Tweeting in Real-Time: How to Stand Out in the World’s Busiest Town Square

tweeting in real time

Since the first tweet on March 21, 2006, Twitter has not only changed the way the world communicates — frequently in concise bursts — it has also changed the way customers interact with businesses — individually and transparently. With a billion active accounts in sight, businesses in general, and the retail industry specifically, cannot afford to not have a presence on Twitter.

Social Media is about sociology and psychology more than technology. Ultimately, brands need to have a role in society. The best way to have a role in society is to understand how people are talking about things in real time and connect with them on a more personal level.

So what is real-time marketing? Real-time marketing is not just an Oreo dunking in the dark. Marketers are starting to develop a definition for “real-time marketing” as “creating dynamic personalized content across channels.” In a Shoutlet webinar with @melissahjohnson and @kksparks, they define it is as reacting in real-time, or in a timely manner with messaging that’s relevant to the needs and interests of your customer. #Realtimetwitter success starts with planned solid content and a listening strategy.

1. Act From A Solid Content Strategy


2. Create Your Listening Program
Use keywords, live events and influencers, and learn to listen. Kit Kat does a great job of this.
3. Determine Mix Of Real-time And Planned Content
The content recipe is planned content, curated content and real-time content.
4. Put Structure In Place To Respond
Have a full-time community manager that understands the audience. This can help streamline the approval process and keep a newsroom mentality for breaking tweets.
5. Think Beyond The Tweet
Use real-time campaigns. Honda has done a great job of this by sending vine videos to people who use their hashtag.
6. Choose The Right Tools
Choosing the right social media tools is just as important as your strategy. Hootsuite has become a standard and is not enough to truly see a return on investment for your company’s social media activities. You must research keywords, route comments, respond quickly and track success.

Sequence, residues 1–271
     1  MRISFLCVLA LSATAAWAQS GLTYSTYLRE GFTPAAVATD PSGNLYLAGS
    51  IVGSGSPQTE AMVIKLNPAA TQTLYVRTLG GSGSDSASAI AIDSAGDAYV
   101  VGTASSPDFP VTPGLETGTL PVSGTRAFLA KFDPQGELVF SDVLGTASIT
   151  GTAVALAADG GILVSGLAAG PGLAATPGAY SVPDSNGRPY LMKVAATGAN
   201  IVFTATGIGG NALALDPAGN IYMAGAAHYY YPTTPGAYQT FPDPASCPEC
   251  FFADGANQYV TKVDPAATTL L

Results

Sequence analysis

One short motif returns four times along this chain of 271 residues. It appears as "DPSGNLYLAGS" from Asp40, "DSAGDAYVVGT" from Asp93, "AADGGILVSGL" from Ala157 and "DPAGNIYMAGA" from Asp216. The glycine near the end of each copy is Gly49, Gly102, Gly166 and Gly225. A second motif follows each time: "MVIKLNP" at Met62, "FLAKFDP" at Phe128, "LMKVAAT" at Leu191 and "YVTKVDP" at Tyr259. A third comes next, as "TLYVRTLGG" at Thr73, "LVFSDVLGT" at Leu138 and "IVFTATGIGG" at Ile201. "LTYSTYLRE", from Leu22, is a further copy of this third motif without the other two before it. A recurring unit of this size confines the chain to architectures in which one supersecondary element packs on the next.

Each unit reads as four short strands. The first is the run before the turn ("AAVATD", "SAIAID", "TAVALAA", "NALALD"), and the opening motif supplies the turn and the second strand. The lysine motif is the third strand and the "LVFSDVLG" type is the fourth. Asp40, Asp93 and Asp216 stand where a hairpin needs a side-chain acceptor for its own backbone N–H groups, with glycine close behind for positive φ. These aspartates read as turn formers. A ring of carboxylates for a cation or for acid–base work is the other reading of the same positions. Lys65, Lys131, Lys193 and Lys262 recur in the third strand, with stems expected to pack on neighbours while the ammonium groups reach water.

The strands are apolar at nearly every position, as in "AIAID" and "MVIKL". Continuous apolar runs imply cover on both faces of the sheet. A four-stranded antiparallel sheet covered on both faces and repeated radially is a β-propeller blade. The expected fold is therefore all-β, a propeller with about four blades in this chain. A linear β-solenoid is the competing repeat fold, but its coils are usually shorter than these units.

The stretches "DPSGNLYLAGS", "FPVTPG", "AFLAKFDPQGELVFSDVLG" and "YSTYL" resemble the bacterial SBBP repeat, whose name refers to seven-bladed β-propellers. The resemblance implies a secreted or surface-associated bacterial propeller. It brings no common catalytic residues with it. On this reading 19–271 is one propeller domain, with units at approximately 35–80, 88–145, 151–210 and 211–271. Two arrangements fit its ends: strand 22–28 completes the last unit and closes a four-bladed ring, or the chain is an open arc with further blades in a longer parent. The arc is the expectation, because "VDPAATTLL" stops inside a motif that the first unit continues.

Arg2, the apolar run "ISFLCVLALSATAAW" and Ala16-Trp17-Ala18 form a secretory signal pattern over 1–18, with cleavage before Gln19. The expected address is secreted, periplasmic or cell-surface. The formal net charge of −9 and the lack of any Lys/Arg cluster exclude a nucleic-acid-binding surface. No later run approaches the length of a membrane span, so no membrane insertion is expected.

“Be respectful and honest. Own your mistakes. Think before you tweet. Be positive.”
Once you have developed your real-time plan, the next stage is to move onto a customer service program. When it comes to service, meet your customers where they are. According to Nielson’s 2012 State of the Media Report, 1 in 3 users now prefer to contact brands using social media rather than the phone, so embracing a social customer service strategy ensures your company keeps happy customers. Users want service where they are and the younger generation generally prefers social service.

social customer service

71% of people who experience social customer service are more likely to recommend that brand. For example, clearwire used their social customer service strategy to shift sentiment by having a standalone customer service account for negative comments. They also adhered to a 30 minute response time. This lead to:
• A dedicated social account for customer service
• Reduced negative comments on brand account
• Creation of multimedia resources to share around common problems
• People directed to the right places (online, email, phone number, etc.)
• Increased customer engagement which provided new insights.

Highlight successes and track volume, type of tweet, and response times. What type of posts are you seeing – product feedback, customer complaints, testimonials, etc.? Rank them by severity level and set the response time duration based on level of severity. Your daily tweets should vary on your content strategy. Create an internal social customer care guidebook. Be transparent and own your mistakes. People will appreciate your authenticity and have a higher respect for your brand.

The opportunity for brands to develop and implement a social customer service strategy could mean a big business impact: 71% of people who experience positive social care are likely to recommend that brand to others, compared to just 19% of customers that do not receive any response. Social media is an opportunity for companies to make a one-on-one connection with a customer in a unique way, and transparency is key to developing trust and future business.

Each customer interaction with your company is a reflection of your entire business – and social media is no different. #realtalk

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